Monday, August 26, 2013

Steering the ACW Vision

Have you ever wondered how American Craft Week got started and how it runs?

CRAFT - Craft Retailers & Artists for Tomorrow - is an association of galleries, shops and artists dedicated to presenting work that is handmade in the U.S.A.  A CRAFT board member, Morris Kramer, wanted the group to sponsor a "Craft Awareness Day".  He mentioned it often, and just as Diane Sulg, former gallery owner in Charlotte, was coming on the board, she read a letter he had written about why it was good.

At that time, Diane and her husband owned 2 galleries and a small bistro. Their restaurant participated in the annual 10-day Charlotte Restaurant Week.  She was amazed at what that event did for their business and the way so many restaurants in town cooperated.  She put the two ideas together, and in the summer of 2008 at the summer Buyers' Market Show in Philadelphia, she presented the idea of an American Craft Week to the CRAFT board.
During Diane's presentation, another board member, Robert Rickard, was on his smartphone securing the URLs, .net and .org.  Another board member, Ann Pifer, volunteered to help.  American Craft Week was born. The CRAFT board gave $5,000 to jumpstart the effort, and within a few months, American Craft Week had sponsors. (The original $5,000 was repaid to CRAFT).
Ann Pifer was friends with Carol Sauvion from Craft in America, so Carol joined Ann and Diane on the first steering committee. Rani Richardson from Random Acts of Art in Naples Florida came on because she knew the CRAFT organization's logistics.
Diane, Ann, Carol and Rani networked at shows, used the CRAFT e-mail list, and recruited participants.  One of the first was Grovewood Gallery in Asheville NC, then managed by Sherry Masters.  She called together all the folks in her area already doing events or involved in craft.
At the beginning of the second year, Diane asked Sherry to join the steering committee because she had done such a wonderful job organizing WNC. Diane knew Sherry would be able to help folks in other parts of the country replicate that success.  Greg Worden from Vermont Artisan Designs in  Brattleboro joined the committee that second year as well.

The idea grew. Now in its fourth year, American Craft Week is used by Kentucky, Vermont & Pennsylvania to promote tourism. Festivals and wholesale shows across the country are on board. Councils, guilds and schools are excellent ambassadors. The 2013 goal is to have every one of the 50 United States represented with participants and activities.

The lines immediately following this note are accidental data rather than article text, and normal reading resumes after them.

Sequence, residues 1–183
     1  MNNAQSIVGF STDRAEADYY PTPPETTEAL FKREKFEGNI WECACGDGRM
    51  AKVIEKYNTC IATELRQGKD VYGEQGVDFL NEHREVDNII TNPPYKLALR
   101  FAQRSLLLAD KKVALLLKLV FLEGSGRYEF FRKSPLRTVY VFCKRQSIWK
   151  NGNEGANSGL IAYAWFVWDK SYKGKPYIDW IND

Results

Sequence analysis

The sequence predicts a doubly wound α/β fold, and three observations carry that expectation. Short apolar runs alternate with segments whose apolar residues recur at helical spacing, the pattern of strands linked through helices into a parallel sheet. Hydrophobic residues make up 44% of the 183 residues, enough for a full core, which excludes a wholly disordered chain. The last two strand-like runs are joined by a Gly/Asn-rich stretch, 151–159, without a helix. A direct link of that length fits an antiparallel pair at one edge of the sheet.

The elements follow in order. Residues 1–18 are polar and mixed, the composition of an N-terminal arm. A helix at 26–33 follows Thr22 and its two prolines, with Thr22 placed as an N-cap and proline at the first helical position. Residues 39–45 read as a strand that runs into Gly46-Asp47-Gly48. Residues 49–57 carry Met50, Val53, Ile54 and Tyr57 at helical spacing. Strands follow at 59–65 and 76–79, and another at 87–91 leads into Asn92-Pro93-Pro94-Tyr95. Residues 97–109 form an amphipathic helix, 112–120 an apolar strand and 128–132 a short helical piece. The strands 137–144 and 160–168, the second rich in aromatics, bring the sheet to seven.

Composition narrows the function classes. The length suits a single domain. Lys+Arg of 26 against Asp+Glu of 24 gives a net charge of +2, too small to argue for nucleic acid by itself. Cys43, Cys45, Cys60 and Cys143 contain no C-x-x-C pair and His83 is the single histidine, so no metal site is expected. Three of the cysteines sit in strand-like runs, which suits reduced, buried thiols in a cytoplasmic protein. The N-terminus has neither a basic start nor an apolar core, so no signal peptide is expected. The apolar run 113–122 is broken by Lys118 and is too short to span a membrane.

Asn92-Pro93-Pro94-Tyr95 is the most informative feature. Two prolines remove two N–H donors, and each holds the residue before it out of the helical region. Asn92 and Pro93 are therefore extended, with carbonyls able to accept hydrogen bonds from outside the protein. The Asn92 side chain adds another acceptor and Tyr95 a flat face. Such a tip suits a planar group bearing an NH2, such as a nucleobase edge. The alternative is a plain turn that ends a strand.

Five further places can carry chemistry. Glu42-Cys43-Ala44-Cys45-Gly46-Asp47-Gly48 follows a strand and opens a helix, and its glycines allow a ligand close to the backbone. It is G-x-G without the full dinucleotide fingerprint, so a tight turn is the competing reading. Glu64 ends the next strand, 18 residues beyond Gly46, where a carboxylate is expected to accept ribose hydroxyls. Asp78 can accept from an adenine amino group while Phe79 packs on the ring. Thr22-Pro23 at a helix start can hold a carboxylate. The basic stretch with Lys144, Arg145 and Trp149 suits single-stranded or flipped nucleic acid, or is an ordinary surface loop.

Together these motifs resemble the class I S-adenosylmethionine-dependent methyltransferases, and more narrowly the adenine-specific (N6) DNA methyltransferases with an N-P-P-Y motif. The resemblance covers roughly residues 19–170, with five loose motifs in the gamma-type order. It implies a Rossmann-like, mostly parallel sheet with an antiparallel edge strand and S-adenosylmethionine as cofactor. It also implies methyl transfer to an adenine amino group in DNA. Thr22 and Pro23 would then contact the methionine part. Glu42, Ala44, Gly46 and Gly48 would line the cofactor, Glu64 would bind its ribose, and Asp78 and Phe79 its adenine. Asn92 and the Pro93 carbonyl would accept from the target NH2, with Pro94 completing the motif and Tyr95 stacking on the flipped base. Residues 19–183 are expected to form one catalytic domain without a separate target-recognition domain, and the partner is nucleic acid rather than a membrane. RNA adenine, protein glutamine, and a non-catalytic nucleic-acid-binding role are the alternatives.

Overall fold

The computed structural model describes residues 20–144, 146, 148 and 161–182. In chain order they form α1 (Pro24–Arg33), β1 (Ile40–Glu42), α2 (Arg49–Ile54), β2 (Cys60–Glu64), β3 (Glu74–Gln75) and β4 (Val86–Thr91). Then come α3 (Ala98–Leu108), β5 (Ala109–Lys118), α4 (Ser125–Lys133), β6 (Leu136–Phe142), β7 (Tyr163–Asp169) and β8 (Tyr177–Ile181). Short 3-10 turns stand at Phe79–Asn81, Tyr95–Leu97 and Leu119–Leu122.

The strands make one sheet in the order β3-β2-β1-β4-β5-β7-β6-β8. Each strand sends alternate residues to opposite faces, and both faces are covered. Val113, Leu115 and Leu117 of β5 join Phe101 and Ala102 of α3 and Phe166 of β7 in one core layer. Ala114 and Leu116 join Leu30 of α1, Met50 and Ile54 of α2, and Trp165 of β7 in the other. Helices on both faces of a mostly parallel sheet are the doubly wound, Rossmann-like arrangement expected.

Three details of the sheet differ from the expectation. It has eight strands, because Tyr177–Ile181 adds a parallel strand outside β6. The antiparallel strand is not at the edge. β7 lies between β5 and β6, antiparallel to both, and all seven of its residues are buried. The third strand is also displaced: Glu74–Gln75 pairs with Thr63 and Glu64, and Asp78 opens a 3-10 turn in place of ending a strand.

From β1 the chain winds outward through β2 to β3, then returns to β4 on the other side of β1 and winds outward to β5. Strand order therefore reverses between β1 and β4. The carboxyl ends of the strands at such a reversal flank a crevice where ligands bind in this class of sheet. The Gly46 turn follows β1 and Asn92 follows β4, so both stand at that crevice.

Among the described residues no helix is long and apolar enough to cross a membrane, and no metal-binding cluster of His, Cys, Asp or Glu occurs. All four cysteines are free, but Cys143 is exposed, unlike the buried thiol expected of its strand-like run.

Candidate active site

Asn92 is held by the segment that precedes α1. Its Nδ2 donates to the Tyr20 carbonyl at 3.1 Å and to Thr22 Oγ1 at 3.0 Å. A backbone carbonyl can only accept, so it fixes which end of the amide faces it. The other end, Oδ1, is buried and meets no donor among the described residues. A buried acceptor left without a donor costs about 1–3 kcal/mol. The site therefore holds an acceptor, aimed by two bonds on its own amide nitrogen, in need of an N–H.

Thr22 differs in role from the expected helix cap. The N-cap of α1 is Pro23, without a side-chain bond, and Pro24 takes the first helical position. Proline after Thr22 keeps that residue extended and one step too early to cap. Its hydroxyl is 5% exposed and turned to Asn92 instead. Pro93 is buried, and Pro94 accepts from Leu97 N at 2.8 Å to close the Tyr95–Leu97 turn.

The 2013 American Craft Week is still spearheaded by an all-volunteer steering committee. Each member brings years of expertise working with makers and their crafts.

Four members of the 2013 committee (L to R) - Camille Ronay (Georgia Made Georgia Grown LLC), Meghan Blake-Horst (middle) (Absolutely Art, Madison WI), Diane Sulg (NC), and Kim Megginson (ZIG ZAG Gallery, Centerville OH) - met for the first time earlier in the year. They'd been meeting on Tuesday morning conference calls for months, but had never actually seen each other in person.

Rani Richardson, PJ Heyman (Village Artisans Gallery, Boiling Springs PA), Greg Worden, Sherry Masters, and Heather Lawless (CT) contribute expertise above & beyond on the committee, also.

2013 participants of American Craft Week are planning open state and town-wide studio tours, Pop Up Shops, festivals featuring American Craft, craft demos, workshops, children's art activities, kiln tours, maker talks, trunk shows, gallery walks, fundraisers for CERF+ and other worthwhile causes, and magical journeys into visitors' own imaginations.

It's going to be a grand celebration all over the United States. If you are a craft maker, what can you do to show off your work? If you are a craft lover, plan to participate in some events. What about taking a trip to enjoy American Craft Week, October 4-13, 2013?

Talk About It - Tell Us What Your Plans Are!

Monday, August 12, 2013


Sometimes, a “Good Instigator” is all you need to make American Craft Week a winning formula for craft artists and retailers.  In this case, look to the Kentucky Arts Council for its role as a catalyst for Kentucky involvement in ACW. 

Through its KentuckyCrafted program, the Arts Council provides marketing and promotion assistance to Kentucky craft artists.  You can easily spot the graphic green and white Kentucky Crafted tags on beautiful hand-made items in galleries and shops.

Many shops in Kentucky and surrounding states carry a large inventory of Kentucky Crafted merchandise, and the with the help of Ed Lawrence, the Council’s Arts Marketing Director, these shops are given an opportunity to participate in American Craft Week compliments of the Council.  There are now twenty-five interesting and unique venues for ACW events in Kentucky and several more in adjoining states.

Hats off to Kentucky, its craft artists, retailers and Arts Council!  You are making your talents known to the world.